This book carries great value for any reader interested in the landscape of American religiosity and generational shifts in Catholic identity. Scholars of religious studies will find it a satisfying and well-constructed ethnography. I found Dugan’s work particularly provoking for the more explicitly confessional field of theology. The conversations occurring in Catholic theology departments at prestigious universities bear little resemblance in content or tone to the message of FOCUS, particularly regarding gender essentialism and sexual ethics. This disconnect is particularly dramatic given that FOCUS’ target audience is college students. Dugan’s research sharpened for me the vast discrepancy between academic and popular theology. While this discrepancy is certainly problematic for FOCUS’ efforts –Dugan notes “a loss of depth in what missionaries know and are able to teach about Catholic theology” as a “potential unintended consequence” (179) of the simplicity of their evangelization—it also challenges scholars of Catholic theology who find ourselves largely speaking past this swelling on-the-ground movement.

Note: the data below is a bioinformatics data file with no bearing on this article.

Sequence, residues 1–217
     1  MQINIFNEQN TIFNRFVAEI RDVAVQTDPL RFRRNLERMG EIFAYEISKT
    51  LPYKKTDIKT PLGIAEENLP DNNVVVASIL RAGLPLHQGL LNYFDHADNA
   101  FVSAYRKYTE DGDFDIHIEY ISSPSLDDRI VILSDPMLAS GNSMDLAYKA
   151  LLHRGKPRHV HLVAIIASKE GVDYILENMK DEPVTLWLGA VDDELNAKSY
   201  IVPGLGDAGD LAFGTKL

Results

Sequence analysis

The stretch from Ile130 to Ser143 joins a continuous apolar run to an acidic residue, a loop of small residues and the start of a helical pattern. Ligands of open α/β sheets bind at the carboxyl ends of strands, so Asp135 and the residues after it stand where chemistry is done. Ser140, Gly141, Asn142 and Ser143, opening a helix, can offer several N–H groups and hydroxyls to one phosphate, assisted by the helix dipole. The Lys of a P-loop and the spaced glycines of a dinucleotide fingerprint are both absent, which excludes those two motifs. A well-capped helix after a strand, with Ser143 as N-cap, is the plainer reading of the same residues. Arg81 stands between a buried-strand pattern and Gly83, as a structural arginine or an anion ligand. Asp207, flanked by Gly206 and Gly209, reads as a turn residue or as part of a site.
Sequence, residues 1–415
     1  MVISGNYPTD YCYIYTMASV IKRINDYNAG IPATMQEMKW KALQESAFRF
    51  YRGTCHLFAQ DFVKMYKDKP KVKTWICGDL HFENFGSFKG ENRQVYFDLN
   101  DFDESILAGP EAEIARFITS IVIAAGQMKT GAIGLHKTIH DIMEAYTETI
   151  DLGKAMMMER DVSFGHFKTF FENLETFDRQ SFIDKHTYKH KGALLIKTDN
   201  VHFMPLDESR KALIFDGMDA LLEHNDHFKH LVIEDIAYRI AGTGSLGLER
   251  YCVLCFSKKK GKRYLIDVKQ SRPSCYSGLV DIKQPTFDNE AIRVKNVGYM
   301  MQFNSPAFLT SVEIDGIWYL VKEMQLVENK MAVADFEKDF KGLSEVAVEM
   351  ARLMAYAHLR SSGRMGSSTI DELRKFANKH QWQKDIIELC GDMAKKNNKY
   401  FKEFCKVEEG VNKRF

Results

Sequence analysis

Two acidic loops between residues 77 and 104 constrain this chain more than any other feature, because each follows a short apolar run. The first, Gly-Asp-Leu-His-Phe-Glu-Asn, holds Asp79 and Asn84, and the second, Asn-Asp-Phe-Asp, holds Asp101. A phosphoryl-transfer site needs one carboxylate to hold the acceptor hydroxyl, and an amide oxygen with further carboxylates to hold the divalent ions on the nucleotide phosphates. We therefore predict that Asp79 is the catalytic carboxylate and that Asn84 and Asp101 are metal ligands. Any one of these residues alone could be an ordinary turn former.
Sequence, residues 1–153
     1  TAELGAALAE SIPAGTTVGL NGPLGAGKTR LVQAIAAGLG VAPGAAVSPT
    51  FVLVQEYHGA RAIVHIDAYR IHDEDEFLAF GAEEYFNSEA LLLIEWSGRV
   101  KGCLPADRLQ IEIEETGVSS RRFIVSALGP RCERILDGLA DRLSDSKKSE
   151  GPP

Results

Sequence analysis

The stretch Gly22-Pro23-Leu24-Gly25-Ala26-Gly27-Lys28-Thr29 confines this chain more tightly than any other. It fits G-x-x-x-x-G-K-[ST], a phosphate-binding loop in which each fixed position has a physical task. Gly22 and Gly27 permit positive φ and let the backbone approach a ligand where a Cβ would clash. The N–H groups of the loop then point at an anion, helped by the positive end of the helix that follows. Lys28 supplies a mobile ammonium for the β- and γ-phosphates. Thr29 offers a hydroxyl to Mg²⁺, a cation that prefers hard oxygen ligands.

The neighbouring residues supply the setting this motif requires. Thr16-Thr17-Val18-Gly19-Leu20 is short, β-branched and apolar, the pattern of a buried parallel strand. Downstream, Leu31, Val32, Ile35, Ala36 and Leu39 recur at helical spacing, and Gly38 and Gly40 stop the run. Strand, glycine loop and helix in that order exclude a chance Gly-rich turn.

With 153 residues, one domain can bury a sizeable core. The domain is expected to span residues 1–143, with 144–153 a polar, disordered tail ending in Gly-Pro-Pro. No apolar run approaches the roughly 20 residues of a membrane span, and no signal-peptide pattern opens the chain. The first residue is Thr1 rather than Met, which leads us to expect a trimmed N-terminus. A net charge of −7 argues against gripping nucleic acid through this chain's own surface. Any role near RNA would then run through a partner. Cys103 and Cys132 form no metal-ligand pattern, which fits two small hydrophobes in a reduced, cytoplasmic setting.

About the Reviewer(s): 

Mary Kate Holman is a doctoral candidate and Teaching Fellow at Fordham University.

Date of Review: 
November 14, 2019
About the Author(s)/Editor(s)/Translator(s): 

Katherine Dugan is Assistant Professor of Religion at Springfield College, where she teaches courses on religion in the US, world religions, and global Catholicism.